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May 13, 1977 - Image 39

Resource type:
The Detroit Jewish News, 1977-05-13

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Israeli Arabs' Anger Festers, Land Expropriation Blamed

raeli Arabs continue to go
about their normal routine
quietly, seemingly uncon-
cerned about the rioting
last week on the West Bank
only a few miles away. But
appearances are deceptive.
Israel's Arab population
may be less vocal and less
aggressive than their Pales-
tinian brethren in Samaria
but they are not indifferent
to their fate.
Nor do they trouble to
conceal their increasinglf
negative attitude toward
the government of Israel,
the country of which they
are citizens. In the Arab vil-
lage of Kfar Kanna, just
north of Nazareth, a young
shop-keeper,was asked if he
was Moslem or Christian.
"We are all Arabs," was
his reply.
Hostility toward Israel
varies from place to place
among Israeli Arabs. In
Galilee, the main source of
discontent is the expropria-
tion of Arab lands by the
government, an issue that
touched off bloody -riots in
March, 1976 in which six Is-
raeli Arabs were killed.
The expropriations issue
has some curious ramifica-
tions. The government an-
nounced from the start that
the land taken over by the
state would be used for the
expansion and development
of the Jewish suburbs • of
Upper Nazareth and Kar-
miel; but not without what
is considered fair com-
pensation to the Arab
So far, compensation has
been paid for only a third
of the 1,500 acres expro-
priated from Arabs last
year. The vast majority of
dispossessed Arabs refuse
to file for compensation or
have any dealings with the
state that "robbed us of our
land." But there is more to
this than meets the eye.
The compensation sugges-
ted by the land assessor is
generous. Moreover, it is
linked to the cost-of-living
index and carries an inter-
est rate of four percent - a
year. Many Arab land-


owners prefer not to ask for
compensation at this time,
knowing that the monies
will be held in deposit earn-
ing interest. At some future
date they will file , their
claim and get the money
plus interest and the c.o.l.
increases that are bound to
have accrued considering
the high rate of inflation.
It is also true that so far
no development work has
been done around Karmiel
and Upper Nazareth so
there is no concrete symbol
yet toward which Arab re-
sentment can be directed.

Serious disturbances were
reported in several West
Bank towns May 4 follow-
ing clashes the previous
day in which an Arab teen-
ager and an Arab woman
were shot to death by Is-
raeli soldiers, and six Is-
raelis, including five sol-
diers, were injured by en-
raged mobs.
Scores of arrests were
made in Jenin after mili-
tary forces battled crowds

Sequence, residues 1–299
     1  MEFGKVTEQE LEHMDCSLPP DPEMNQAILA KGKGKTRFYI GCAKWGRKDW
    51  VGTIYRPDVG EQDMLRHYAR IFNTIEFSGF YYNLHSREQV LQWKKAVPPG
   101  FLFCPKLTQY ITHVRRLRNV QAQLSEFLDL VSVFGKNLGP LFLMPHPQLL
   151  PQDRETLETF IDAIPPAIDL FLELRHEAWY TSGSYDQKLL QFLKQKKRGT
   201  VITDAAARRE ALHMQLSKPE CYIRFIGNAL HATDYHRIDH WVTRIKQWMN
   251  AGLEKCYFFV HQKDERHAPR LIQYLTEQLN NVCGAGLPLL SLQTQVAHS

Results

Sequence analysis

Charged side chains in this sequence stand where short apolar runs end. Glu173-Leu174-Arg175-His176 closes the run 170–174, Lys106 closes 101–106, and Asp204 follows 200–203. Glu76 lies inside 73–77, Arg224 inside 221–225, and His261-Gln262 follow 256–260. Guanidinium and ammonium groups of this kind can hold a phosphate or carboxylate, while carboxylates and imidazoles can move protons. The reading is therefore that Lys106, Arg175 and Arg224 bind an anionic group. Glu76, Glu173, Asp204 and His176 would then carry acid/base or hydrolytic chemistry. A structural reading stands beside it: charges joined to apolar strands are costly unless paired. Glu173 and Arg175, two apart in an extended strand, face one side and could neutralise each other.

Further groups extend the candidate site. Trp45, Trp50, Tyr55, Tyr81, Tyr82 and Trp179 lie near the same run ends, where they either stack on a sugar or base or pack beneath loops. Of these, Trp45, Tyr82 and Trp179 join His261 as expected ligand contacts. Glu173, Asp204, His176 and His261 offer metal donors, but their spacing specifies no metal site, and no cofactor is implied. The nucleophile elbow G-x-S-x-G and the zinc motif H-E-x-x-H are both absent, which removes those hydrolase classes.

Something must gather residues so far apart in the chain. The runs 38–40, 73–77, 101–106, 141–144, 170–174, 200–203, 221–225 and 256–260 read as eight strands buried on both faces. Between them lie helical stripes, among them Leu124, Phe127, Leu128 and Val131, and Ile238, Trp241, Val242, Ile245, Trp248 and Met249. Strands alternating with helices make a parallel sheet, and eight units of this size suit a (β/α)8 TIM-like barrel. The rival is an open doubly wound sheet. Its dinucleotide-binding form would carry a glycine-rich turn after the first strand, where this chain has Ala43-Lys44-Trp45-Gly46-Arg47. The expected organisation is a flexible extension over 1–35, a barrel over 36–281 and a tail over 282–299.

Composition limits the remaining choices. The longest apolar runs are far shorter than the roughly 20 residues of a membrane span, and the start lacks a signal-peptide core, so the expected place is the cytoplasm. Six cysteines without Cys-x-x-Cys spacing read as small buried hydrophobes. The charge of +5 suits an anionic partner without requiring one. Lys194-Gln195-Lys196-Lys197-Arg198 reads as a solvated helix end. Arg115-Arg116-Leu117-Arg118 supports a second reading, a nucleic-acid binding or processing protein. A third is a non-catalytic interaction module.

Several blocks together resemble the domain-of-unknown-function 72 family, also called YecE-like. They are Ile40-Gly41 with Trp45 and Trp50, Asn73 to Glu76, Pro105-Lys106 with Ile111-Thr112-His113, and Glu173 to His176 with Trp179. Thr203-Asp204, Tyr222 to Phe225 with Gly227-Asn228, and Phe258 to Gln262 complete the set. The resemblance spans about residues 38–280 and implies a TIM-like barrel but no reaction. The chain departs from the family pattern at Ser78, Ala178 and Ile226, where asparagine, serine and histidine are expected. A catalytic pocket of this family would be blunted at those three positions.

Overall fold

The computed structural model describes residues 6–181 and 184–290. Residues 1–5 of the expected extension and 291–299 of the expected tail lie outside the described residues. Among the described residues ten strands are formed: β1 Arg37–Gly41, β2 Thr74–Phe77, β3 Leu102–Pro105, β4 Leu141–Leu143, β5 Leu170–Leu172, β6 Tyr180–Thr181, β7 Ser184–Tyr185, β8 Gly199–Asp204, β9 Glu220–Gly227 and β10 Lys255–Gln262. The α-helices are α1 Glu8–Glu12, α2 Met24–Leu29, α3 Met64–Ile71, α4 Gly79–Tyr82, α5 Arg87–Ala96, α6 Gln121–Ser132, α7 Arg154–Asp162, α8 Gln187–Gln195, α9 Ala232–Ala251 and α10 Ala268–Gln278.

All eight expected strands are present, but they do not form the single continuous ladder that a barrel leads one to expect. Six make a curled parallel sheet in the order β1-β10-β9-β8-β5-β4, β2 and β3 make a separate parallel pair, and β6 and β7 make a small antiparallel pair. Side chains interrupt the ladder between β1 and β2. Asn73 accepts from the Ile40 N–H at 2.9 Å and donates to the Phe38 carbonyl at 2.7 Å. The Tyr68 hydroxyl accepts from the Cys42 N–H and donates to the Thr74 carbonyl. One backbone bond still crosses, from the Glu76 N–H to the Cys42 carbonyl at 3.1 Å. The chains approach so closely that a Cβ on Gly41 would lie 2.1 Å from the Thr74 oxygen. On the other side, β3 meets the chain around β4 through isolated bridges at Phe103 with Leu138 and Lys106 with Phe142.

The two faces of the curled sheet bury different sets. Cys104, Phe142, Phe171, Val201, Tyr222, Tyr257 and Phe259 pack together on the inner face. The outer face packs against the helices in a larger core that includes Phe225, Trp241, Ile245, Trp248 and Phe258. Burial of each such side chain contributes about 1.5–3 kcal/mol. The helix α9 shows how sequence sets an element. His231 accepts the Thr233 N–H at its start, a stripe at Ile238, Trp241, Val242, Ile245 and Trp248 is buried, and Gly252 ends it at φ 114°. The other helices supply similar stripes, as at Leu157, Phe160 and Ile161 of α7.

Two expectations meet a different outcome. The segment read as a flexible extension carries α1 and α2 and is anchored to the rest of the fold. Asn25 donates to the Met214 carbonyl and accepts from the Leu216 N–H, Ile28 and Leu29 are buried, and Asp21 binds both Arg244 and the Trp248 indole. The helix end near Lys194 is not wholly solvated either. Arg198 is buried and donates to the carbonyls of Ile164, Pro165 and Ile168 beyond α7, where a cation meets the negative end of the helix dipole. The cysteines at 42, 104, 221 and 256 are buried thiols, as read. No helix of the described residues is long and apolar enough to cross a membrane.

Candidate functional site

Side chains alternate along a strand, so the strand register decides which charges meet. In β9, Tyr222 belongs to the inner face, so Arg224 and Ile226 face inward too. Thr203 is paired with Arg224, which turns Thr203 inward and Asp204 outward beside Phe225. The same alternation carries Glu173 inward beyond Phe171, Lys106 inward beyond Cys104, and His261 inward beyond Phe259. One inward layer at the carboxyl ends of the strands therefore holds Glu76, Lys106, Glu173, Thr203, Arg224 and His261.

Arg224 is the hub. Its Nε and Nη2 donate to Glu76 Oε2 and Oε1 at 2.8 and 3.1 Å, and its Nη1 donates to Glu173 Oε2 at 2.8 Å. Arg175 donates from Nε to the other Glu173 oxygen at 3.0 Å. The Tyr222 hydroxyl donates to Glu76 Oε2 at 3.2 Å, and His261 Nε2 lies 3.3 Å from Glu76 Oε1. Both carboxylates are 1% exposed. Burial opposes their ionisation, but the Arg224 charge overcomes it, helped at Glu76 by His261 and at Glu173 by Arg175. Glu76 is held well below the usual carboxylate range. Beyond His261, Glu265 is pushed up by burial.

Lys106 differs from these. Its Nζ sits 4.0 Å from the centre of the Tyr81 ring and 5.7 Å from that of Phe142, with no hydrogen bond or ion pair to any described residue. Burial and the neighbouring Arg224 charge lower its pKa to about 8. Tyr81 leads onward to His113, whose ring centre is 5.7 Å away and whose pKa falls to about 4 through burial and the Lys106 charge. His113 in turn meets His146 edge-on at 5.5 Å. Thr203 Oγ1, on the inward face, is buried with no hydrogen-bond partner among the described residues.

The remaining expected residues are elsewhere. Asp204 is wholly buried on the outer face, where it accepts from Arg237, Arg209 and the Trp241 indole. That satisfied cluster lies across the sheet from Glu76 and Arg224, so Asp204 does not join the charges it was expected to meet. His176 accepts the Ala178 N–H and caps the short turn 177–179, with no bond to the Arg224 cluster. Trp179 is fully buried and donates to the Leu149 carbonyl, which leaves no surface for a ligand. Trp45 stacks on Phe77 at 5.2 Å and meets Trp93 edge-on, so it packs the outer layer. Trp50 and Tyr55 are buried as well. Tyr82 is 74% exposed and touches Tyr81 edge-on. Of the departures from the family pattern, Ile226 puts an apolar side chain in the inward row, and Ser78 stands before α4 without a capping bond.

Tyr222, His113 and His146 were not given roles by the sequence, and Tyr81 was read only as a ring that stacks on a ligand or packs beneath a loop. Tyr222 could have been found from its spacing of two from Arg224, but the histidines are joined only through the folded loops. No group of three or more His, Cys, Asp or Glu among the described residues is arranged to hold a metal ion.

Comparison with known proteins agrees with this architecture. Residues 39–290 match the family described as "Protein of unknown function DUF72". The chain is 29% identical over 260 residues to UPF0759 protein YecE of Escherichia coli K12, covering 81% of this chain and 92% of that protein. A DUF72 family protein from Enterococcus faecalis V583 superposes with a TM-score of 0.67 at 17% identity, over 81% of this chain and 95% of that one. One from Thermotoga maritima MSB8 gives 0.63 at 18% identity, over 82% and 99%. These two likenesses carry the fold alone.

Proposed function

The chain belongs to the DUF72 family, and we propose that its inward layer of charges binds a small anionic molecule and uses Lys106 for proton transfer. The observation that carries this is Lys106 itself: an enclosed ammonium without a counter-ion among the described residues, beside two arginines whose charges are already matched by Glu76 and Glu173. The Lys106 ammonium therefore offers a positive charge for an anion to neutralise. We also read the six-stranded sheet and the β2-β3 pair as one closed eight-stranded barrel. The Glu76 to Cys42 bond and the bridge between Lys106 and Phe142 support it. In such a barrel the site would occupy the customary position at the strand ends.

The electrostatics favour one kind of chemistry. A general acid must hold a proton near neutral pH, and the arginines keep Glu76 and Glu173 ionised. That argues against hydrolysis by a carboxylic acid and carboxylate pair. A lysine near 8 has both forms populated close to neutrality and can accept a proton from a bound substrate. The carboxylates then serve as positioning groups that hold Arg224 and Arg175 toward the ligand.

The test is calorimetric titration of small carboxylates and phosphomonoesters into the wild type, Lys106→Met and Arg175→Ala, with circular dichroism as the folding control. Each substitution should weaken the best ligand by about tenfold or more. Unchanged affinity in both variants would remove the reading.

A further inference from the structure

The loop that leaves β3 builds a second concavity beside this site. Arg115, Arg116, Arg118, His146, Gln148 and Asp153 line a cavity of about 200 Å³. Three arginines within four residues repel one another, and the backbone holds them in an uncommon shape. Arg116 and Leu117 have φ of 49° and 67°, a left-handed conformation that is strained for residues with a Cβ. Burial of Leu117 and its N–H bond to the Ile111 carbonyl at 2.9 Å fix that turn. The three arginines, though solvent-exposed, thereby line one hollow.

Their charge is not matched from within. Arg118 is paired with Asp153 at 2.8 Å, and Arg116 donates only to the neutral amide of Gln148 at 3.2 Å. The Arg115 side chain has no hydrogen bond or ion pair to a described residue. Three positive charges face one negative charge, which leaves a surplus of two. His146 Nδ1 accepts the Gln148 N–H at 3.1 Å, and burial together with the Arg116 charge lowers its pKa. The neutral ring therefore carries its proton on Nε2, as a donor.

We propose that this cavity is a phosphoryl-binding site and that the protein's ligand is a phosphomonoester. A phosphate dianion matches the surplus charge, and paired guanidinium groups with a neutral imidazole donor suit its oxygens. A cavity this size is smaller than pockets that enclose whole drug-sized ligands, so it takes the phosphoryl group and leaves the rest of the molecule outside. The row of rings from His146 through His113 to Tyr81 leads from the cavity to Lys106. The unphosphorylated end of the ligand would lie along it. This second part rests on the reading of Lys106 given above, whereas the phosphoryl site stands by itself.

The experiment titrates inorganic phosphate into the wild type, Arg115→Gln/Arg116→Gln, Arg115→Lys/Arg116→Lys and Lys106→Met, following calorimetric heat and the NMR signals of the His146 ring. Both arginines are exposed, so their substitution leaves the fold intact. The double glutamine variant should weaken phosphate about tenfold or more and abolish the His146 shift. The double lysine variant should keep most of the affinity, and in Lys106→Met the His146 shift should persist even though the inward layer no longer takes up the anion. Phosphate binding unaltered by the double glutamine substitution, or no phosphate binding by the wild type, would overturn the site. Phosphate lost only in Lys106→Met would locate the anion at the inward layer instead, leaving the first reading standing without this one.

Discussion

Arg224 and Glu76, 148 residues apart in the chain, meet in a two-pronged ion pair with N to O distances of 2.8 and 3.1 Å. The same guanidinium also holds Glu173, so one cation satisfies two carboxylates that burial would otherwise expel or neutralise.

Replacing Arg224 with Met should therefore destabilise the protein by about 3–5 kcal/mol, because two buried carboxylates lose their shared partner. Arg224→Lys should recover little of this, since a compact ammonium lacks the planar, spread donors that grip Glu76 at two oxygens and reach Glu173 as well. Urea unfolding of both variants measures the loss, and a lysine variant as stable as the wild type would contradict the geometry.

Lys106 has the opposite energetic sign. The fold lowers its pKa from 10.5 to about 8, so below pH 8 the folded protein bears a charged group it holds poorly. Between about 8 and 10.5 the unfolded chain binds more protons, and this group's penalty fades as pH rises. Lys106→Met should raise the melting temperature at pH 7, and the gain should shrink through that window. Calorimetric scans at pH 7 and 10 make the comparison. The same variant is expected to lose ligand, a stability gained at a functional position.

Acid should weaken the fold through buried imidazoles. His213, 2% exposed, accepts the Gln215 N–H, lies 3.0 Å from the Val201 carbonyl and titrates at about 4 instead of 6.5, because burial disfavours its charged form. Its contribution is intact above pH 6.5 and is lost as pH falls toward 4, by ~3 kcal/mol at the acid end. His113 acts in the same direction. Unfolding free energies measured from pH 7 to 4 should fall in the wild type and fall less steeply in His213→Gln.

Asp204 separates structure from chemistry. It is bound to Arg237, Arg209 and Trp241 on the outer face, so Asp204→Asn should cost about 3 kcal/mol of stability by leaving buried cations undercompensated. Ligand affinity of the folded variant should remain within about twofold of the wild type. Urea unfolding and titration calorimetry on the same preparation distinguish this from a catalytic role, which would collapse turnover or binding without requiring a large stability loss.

in the streets. A curfew
was imposed on the old sec-
tion in Nablus and riot po-
lice used tear gas and clubs
to disperse student demon-
strators in Ramallah.
The shooting victims
were. identified as Bilal Abu
Rob, 15 and Fatima Hamdi,
55. The youngster was
killed in Kabatiyeh, a town
of about 15,000 near Jenin,
when Israeli troops fired
into a stone-throwing crowd
at a roadblock.
The woman was fatally
wounded several hours
later when mourners at the
boy's funeral attacked Is-
raeli' troops brought in to
keep. order. The six Israelis
were injured by rocks--and '
by an incendiary bomb that
set fire-to the canvas cover
of their jeep.
. The latest eruption of vio-
lence on the West Bank has
been attributed to advertise-
ments placed in Israeli
newspapers by the Gush
Emunim announcing that.

of Michigan has proclaimed
the month of May as "NJH
-Breath of Fresh Hope

Alan E. Schwartz, dinner
trustee, has been named
treasurer for the event. Rob-
ert M. Surdam, chairman
of the board of the National
Bank of Detroit, is general
dinner chairman.


they intended to establish
more Jewish settlements in
the Arab-populated Sa-
maria district.
The Mayor of Kabatiyeh
has cabled the United Na-
tions and other inter-

national bodies protesting
Israeli actions there. The
Military Governor sum-
moned the Mayor to his of-
fice and urged him to cool
the atmosphere in his vil-

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The dinner, also will help
with the $27 million expan-
sion program and com-
pletion of a new Children's
Treatment • Center at the
Denver-based hospital.

Gov. William G. Milliken

their strength and emerge
from the election with eight
The Knesset moved two
months ago to close that loo-
phole. It passed a bill empo-
wering the Israel Land Ad-
ministration to deposit a
compensation fund to the
'credit of the Arab land-
owners but the money no
longer carries interest and
is not linked to the -c.o.l.
index.- This is expected to
end the foot-dragging by
some Arabs in negotiating
with the Land Adminis-

Two Arabs Killed, Israelis Injured
in Widespread Rioting onWest Bank

Respiratory: Disease Victims
to Benefit From NJH Dinner

The 78th annual Detroit
National Jewish Hospital
and Research Center din-
ner, honoring- former Con-
gresswoman Martha Griff-
iths Monday at the Detroit
Plaza Hotel, will raise
funds to help treat victims
of chronic respiratory dis-
eases and immunological

Nevertheless, while 'some
Arabs have learned to live
with land expropriations ob-
jectively, for the vast ma-
jority it is an emotional
issue. It is expected to
manifest itself on election
day, Tuesday.
Even the most optimistic
Labor Alignment politicians
expect the Communist
Party to win at least two
more Knesset seats, bring-
ing their strength to six
seats at the expense of. the
Labor-supported 'Arab list.
Villagers in Galilee claim
the Communists will double

Friday, May 13, 1977 39

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